Keep Your Precious Puppy Safe With a Canine Seat Belt

Dog safety and canine seat belts have taken a new turn when discussions reached the legislative branch of the many state governments. It leads one to wonder, is this all-political mumbo jumbo or is there something behind all this political maneuvering? Are politicians trying to look family friendly or does dogs really need to be restrained?

Driver Distraction

The National Highway Traffic Administration reports that 20 to 30 percent of all motor vehicle crashes are due to driver distraction. AA & A did a similar study on driver distraction. They found that radio was the number one driver distraction followed by children and pets.

These studies lead you to believe that canine restraints may have some merit in preventing automobile accidents. Whether legislation is necessary, to require such action is yet to be seen. However, if these reports are accurate, then more studies should be done to see if canine restraint would prevent accident. Only time will tell though, it does look promising.

Protect Passengers from Injury

Statistically, when traveling 30 miles per hour a 30-pound dog will exert about 900 pounds of force in an accident. Since the majority of accidents do occur within a 10-mile radius of the home, it would not be unusual for a dog to be in the car going 30 miles an hour unrestrained as most residential streets have 30-mile speed limits.

While no studies have been done on how many people have been injured by dogs, there should be. The potential for injury here is obvious. Even when you think about a tiny dog ​​weighing 15 pounds in a school zone, the dog could fly through the windshield with a force of 300 pounds of force. That tiny dog ​​could seriously injure a child and we have all seen dogs in cars as we have picked up our children from school.

Protect the Pet

Of all the reasons I have seen stated for enabling a canine seat belt, this has the most merit. This is the only reason that has undeniable proof. There is no doubt that when you put your dog in a canine seat belt, you are protecting your dog from injury in a car accident. The seat belt works in the same fashion that buckling yourself or your children works.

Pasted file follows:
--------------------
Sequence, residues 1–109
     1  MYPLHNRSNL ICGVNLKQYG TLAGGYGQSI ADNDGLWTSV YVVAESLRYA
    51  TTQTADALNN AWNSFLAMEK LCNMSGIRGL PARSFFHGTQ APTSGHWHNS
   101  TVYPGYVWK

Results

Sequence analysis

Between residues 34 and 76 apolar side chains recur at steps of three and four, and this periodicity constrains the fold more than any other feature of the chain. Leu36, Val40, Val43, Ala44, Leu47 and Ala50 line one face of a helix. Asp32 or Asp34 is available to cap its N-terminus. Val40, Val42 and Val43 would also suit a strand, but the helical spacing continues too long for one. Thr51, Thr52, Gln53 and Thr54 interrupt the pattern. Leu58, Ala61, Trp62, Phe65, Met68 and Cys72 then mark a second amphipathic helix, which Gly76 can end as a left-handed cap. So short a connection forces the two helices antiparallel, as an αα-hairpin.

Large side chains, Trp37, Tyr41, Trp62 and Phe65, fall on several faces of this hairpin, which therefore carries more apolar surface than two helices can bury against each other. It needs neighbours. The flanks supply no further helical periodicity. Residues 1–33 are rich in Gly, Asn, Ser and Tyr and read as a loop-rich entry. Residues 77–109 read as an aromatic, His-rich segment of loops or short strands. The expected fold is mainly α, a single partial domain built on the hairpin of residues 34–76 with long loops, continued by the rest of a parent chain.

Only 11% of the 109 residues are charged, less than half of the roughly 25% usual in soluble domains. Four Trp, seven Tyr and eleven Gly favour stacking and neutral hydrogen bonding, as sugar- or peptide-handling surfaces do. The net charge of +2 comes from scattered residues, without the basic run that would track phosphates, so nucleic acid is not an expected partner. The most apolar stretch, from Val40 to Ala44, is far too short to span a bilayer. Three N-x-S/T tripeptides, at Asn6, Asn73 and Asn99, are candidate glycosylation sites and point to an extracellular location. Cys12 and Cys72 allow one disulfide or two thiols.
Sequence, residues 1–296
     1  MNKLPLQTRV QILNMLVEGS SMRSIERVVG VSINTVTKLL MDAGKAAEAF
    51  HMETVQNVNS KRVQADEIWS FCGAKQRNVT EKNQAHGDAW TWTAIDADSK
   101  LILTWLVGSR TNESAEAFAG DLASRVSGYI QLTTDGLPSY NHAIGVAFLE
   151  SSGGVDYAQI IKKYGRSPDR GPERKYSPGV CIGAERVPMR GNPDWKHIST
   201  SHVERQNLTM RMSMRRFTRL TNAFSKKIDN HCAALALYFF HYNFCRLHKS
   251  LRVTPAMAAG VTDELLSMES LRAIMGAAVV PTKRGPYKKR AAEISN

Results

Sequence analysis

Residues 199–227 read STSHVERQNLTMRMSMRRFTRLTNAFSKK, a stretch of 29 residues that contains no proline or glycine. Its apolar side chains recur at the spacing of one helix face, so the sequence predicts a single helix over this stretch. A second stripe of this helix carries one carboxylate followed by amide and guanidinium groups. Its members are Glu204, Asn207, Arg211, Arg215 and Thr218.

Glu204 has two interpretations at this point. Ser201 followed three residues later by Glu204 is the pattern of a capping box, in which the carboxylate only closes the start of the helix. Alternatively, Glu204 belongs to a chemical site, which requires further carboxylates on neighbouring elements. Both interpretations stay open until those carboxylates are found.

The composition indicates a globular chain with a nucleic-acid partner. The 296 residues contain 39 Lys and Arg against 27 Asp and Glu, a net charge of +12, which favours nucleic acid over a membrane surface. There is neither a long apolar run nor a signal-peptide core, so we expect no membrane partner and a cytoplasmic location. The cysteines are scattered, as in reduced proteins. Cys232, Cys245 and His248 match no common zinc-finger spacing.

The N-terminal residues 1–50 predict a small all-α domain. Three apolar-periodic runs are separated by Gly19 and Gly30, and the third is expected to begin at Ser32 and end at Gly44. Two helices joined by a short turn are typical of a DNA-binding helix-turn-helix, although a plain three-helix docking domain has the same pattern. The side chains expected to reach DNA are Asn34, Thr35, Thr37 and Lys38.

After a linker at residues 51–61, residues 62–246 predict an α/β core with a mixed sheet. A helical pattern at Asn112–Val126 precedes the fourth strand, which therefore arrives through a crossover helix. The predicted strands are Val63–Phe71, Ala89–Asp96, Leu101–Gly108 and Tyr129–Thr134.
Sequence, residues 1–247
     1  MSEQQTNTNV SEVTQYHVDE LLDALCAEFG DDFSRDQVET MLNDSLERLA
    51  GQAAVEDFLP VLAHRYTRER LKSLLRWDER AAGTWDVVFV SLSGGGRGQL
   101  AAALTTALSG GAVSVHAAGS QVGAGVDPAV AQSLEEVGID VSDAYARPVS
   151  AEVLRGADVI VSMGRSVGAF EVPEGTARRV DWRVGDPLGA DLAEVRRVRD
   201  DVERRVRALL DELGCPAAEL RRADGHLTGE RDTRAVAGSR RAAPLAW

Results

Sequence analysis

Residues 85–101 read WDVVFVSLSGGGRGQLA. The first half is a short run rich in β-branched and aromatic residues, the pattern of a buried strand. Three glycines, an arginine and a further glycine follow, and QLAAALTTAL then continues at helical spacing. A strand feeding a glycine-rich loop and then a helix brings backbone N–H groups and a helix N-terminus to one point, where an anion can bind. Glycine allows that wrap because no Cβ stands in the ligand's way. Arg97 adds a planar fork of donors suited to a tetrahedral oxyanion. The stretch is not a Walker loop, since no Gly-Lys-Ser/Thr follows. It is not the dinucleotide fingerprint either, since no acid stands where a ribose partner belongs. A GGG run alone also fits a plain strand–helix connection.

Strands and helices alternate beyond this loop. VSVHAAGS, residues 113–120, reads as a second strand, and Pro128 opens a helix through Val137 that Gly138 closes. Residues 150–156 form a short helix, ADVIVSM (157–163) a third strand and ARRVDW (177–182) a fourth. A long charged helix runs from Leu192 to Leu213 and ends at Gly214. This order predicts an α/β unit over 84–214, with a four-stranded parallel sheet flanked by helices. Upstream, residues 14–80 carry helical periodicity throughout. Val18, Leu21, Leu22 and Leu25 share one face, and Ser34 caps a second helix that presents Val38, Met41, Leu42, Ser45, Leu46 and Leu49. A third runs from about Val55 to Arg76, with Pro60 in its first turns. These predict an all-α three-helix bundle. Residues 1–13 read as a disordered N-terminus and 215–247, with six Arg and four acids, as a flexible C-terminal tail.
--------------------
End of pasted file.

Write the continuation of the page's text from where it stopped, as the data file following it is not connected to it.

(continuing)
However, the seatbelt works in one additional way as well. In addition to protecting your dog during the accident, it protects your dog after the accident. The canine seat belts will prevent the dog from running off after the accident. It will also keep the dog restrained until animal services can get there to take care of the dog. You, your family, and emergency services do not need to worry about a dog running around scared during an accident. It is best that the dog remain restrained until it can be taken care of properly.

Source by Heather Sneed

Facts About Canine Hip Dysplasia In A Weimaraner

Facts About Canine Hip Dysplasia In A Weimaraner

One of the major health concerns of a Weimaraner, as well as other large breeds of dog is hip dysplasia. Cats suffer from hip dysplasia too, but it is seen less commonly and the symptoms are less threatening. Hip dysplasia can also be found in humans but in rare cases only.

Canine hip dysplasia is a developmental orthopedic disease in which there is an abnormal development of the hip joint. This leads to looseness in the joints that is supposed to be snug. The looseness causes cartilage damage and ever results to painful progressive arthritis that can cripple your beloved Weimaraner. Hip dysplasia is different from arthritis in the hips but is the common cause of it.

This disorder of the joint is proved to be caused by genetic factors. If two Weims carrying genetic material for hip dysplasia were bred, then their offspring will definitely inherit the disease. Apart from that, your dog's environment also contribute to the development of the disease. Your dog's nutrition should be restricted but not to the point that you will restrict fat and calorie content in his diet. Restriction here means to prevent your Weimaraner from becoming overweight. Although exercise is recommended to keep your dog from becoming obese, the activities should be controlled to prevent unwarranted stress and trauma to the joint. Climbing stairs and jumping into and out of pick-up trucks are some of the activities to be avoided.

Puppies as young as five months will begin to show signs of the disease. Pain and discomfort during and after vagorous exercise is usually seen to puppies in this age. Without immediate attention, these dogs may be crippled at two years of age. In most cases, however, symptoms begin to show during the middle or later years in the dog's life. Other signs include decreased activity, difficulty rising, referral to use stairs, referral to jump or stand on hind limbs, pain and soreness after heavy exercise. The dog will also suffer pain when weight is being placed on the joint.